Gambia: Three arrested on gay charges get bail


gambia_three_men_gay_charges_get_bailThe three Gambian men arrested on homosexuality-related charges in November have been granted bail.

It is believed that Alieu Sarr, Momarr Sowe and Modou Lamin Bittaye were the last three remaining people still jailed following a state crackdown on the LGBT community at the end of 2014.

Sarr was reported last month as being close to death in hospital as a result of alleged torture by National Intelligence Agency (NIA) agents. It is unclear what the current status of his health is.

According to JollofNews, the three men must provide the court with bail sureties to the value of one million Delasi (R271,464) each.

They must also surrender their passports, and have to report to the the NIA every Monday and Thursday.

The men have been charged with six counts of unnatural offences and conspiracy. They have denied all charges.

In October 2014, Gambia’s President Jammeh President Jammeh signed a new anti-gay law that created the crime of “aggravated homosexuality”, which carries punishment of up to life in prison. (Homosexuality was already illegal in The Gambia under British colonial era laws and those found guilty of “unnatural offences” face up to 14 years in prison.)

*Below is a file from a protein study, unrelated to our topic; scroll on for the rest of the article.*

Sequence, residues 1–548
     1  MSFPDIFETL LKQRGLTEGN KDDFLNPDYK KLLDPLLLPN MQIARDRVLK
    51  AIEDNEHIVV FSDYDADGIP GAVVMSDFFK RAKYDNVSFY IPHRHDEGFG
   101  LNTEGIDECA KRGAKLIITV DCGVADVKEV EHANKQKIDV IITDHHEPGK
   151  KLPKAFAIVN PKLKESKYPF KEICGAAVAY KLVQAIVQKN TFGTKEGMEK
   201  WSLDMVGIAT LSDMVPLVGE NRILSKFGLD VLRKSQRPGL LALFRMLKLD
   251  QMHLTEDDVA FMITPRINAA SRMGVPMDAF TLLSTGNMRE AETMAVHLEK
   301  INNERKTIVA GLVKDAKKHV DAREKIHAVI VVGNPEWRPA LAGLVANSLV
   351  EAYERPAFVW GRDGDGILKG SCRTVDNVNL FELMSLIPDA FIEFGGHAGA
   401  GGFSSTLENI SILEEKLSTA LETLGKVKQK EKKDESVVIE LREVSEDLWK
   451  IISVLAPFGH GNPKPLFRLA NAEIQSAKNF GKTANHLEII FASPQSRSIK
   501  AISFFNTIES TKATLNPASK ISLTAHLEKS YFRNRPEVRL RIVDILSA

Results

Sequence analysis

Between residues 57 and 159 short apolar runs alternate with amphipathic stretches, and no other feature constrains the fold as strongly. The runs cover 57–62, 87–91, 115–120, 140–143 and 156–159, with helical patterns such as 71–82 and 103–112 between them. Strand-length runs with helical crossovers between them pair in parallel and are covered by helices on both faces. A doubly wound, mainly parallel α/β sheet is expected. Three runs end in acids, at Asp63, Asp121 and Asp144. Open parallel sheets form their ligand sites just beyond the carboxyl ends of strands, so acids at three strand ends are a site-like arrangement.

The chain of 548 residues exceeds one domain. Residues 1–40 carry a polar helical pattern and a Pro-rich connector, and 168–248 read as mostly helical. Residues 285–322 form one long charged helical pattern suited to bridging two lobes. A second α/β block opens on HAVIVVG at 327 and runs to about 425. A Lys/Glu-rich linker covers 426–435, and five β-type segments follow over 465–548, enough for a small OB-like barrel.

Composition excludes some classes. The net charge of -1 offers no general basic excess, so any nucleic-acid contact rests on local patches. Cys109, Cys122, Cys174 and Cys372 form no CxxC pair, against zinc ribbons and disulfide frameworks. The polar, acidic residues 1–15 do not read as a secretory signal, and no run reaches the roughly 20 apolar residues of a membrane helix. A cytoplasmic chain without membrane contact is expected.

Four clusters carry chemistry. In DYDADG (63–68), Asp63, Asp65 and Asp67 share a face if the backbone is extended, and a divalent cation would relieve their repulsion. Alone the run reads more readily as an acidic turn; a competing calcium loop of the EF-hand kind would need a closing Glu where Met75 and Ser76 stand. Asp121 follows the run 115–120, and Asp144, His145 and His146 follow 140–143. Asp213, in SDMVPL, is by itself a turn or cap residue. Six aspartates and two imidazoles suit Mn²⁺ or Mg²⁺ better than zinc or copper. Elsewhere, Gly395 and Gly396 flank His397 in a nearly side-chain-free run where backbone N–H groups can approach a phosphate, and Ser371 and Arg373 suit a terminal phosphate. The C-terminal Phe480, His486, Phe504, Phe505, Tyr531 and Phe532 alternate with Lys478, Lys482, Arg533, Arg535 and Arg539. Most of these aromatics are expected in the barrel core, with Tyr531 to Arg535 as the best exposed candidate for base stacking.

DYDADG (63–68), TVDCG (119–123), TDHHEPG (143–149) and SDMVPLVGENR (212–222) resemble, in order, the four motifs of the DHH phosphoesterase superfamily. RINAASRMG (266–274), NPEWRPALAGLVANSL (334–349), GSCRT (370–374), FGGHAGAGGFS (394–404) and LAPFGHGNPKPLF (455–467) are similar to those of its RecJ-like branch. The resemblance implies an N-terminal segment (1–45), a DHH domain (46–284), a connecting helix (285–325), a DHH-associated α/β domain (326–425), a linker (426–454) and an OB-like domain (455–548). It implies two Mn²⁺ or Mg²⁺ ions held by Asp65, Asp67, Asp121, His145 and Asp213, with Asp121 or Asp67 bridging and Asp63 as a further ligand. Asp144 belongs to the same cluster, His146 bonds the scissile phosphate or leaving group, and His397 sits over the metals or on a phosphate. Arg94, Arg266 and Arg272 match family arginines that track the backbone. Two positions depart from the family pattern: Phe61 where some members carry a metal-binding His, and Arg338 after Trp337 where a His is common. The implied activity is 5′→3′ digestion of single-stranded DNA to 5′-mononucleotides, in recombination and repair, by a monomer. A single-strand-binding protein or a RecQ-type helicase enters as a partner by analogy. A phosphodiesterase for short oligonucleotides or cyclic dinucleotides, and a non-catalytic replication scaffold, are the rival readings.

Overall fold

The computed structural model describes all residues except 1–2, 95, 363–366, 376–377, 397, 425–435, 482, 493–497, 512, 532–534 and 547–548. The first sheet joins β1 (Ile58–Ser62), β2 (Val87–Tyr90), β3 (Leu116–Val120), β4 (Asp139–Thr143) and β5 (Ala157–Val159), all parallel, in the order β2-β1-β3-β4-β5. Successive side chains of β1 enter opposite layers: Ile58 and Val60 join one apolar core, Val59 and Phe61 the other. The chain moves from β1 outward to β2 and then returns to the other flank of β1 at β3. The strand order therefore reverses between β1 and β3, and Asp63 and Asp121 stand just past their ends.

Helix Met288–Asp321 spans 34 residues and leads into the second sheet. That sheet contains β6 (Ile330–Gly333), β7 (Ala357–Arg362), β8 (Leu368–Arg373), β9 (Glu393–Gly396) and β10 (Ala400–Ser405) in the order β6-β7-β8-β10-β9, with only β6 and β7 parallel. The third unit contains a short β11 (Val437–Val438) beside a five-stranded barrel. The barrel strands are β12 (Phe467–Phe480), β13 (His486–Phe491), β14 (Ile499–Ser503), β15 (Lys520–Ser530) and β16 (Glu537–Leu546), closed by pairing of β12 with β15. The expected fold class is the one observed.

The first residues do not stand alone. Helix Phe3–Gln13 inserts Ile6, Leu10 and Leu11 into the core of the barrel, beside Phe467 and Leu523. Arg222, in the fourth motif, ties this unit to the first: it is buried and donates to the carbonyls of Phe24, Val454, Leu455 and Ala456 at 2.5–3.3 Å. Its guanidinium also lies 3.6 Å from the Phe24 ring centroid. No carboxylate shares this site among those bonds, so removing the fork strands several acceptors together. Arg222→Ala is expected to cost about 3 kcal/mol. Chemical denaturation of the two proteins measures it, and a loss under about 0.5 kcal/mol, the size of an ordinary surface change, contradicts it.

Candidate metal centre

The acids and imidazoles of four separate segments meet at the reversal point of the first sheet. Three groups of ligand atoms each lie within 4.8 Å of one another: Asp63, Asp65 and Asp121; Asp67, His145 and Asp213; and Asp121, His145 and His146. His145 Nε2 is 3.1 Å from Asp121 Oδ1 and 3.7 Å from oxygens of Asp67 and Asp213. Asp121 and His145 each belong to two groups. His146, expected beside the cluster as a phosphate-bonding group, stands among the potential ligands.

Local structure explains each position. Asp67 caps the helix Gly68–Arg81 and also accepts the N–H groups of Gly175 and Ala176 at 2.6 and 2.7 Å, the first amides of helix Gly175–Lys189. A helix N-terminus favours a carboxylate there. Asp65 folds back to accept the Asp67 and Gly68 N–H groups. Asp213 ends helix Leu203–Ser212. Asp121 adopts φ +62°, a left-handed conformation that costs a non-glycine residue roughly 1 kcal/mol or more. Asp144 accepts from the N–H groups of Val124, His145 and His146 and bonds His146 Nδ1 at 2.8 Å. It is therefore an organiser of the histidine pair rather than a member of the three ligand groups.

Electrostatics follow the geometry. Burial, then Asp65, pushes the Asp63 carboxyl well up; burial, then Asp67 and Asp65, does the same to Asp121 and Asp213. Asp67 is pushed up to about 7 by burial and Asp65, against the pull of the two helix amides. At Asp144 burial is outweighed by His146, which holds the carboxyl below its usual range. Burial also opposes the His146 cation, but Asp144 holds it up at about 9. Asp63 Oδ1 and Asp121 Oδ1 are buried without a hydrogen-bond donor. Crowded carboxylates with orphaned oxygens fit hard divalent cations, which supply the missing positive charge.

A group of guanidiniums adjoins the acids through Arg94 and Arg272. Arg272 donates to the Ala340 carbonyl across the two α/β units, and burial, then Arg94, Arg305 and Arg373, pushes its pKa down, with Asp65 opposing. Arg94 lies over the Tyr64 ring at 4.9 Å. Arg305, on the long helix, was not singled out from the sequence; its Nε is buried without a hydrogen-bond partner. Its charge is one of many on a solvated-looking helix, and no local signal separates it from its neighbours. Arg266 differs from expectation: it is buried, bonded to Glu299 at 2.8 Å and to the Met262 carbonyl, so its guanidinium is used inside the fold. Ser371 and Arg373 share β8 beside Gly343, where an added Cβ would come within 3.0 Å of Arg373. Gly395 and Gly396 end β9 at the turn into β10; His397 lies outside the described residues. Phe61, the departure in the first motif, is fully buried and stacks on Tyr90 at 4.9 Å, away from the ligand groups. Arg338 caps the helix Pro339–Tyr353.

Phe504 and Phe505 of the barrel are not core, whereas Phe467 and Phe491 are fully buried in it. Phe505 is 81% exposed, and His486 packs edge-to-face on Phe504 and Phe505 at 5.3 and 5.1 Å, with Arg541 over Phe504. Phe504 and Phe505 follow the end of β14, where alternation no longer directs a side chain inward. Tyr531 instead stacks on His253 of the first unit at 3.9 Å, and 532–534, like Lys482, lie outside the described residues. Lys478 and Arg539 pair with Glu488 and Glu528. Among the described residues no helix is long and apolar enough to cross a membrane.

This was followed by the reported arrest, detention and torture of a number of people on suspicion of homosexuality by the NIA.

The crackdown has been condemned by Amnesty International and the UN High Commissioner for Human Rights.

President Jammeh has repeatedly attacked LGBT people as “vermin”, most recently asserting that the “evil empire of homosexuals will also go down the dirty drain and garbage of hell…” He has even threatened to decapitate gays and lesbians.

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